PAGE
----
reform, and political correctness are everyday topics.  But what about our residents?  
When they overhear staff freely talking about computer programs, networks, twitter, I-
pods, palm pilots and compact discs, do they feel left behind?   Is it all foreign language
to them?  Do they feel like uneducated, uninformed citizens?  Is there any way we can
help them to restore their sense of intellectual self-worth?

There really is, but maybe not in the way you would think.  So much has happened
since their prime years that they may be unable to catch up.  So the next best thing is to
go back, all the way back to where they left off, back to people and places and subjects
they know well, subjects which were household talk in their prime years.  We are, no
doubt, as ignorant of the people and times they know as they are of our current
knowledge.  We should educate ourselves on their subjects so they can feel more
intellectually worthwhile as they freely discuss with u, matters of significance to them.  
There will be no shortage of conversation, and we will have a handy fill-in (a lively
reminiscence group), should our planned entertainment fall through.  Probably most
residents, depending on their age, will best remember the twenties, thirties or forties,
so let’s take a look at them.

THE TWENTIES:   They were a high time.  Four presidents spanned the decade:   
Wilson, Harding, Coolidge, and Hoover.  In 1919,  ladies had finally won the right to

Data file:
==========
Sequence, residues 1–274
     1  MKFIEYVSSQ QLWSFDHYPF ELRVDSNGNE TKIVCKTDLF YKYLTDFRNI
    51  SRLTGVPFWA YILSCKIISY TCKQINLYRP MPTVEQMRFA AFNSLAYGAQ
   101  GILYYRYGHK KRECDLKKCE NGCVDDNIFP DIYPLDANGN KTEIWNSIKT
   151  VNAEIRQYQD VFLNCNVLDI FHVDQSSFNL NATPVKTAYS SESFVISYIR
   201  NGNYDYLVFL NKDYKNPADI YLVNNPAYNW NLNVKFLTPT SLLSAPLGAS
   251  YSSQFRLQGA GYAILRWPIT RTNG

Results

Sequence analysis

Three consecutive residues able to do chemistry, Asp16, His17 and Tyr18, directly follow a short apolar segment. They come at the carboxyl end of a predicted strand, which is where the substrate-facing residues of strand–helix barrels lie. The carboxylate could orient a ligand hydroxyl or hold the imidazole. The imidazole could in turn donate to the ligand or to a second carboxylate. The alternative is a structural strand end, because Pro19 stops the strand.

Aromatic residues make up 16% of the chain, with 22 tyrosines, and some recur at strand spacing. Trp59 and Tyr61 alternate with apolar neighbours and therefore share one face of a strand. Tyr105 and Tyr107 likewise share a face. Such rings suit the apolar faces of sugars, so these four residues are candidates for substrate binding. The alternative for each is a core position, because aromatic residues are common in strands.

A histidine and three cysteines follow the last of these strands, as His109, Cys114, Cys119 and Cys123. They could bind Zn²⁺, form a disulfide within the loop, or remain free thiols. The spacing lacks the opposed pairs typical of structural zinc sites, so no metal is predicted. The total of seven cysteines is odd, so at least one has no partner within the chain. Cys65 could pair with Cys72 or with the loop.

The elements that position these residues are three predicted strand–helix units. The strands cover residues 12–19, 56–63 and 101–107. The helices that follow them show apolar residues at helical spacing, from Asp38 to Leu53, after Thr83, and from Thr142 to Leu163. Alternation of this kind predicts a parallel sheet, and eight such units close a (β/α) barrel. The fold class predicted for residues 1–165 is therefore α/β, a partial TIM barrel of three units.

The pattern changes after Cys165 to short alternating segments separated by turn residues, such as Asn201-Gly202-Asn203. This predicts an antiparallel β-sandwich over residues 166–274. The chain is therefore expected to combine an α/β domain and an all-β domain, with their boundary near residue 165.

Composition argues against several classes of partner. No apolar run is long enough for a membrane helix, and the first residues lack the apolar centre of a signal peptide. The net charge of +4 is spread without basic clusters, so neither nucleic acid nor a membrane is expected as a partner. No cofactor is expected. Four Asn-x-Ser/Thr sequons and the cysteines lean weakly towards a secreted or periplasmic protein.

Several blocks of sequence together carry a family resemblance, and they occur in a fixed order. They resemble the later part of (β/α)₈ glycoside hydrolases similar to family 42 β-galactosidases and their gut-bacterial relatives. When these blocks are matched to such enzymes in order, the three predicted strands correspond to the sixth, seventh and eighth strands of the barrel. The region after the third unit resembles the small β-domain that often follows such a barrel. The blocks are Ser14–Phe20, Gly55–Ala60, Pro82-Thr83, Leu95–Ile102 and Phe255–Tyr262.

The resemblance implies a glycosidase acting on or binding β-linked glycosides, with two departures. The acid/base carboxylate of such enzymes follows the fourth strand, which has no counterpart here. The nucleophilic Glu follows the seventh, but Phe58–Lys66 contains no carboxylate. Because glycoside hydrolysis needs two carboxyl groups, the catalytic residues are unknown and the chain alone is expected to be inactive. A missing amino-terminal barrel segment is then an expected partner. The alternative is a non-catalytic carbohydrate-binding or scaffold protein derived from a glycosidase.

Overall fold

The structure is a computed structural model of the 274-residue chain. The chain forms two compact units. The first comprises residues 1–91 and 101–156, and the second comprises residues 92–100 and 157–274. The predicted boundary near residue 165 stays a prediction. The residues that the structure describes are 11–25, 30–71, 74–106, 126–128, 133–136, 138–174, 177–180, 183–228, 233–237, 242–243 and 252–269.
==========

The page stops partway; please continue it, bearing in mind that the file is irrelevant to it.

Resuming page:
vote.  World War I was over and now the nation wanted to have some fun.  Money was
flowing freely.  Stock prices tripled between 1925 and 1929.  Henry Ford’s assembly
line made it possible for the average man to afford an automobile.  The new radio and
modern appliances like refrigerators and gas stoves were becoming household items.

In this seemingly emancipated generation, people did crazy things like flag pole-sitting,
stunt- flying, and wing-walking.  They loved sports, taking pictures, Mahjongg, contact
bridge, and working the brand new crossword puzzle.  Dance marathons were the
rage.  The timely corset was being retired and women were trading their beautiful long
hair for short bobs.  Some indulged  in permanent waves at beauty shops by letting
themselves be attached to a monstrous machine with electric wires protruding from
each curl on their head.  In spite of the prosperous, free-for-all attitude exhibited by
many, prohibition began in 1920.  This cause the rise of the speakeasy, an illegal
underground bar.  Two million rural Americans joined the Ku Klux Klan.

But the playful era soon changed.  With a 40% drop in farm prices,  farmers were
unable to repay loans to banks.  Subsequently, in one year, 500 banks failed. The stock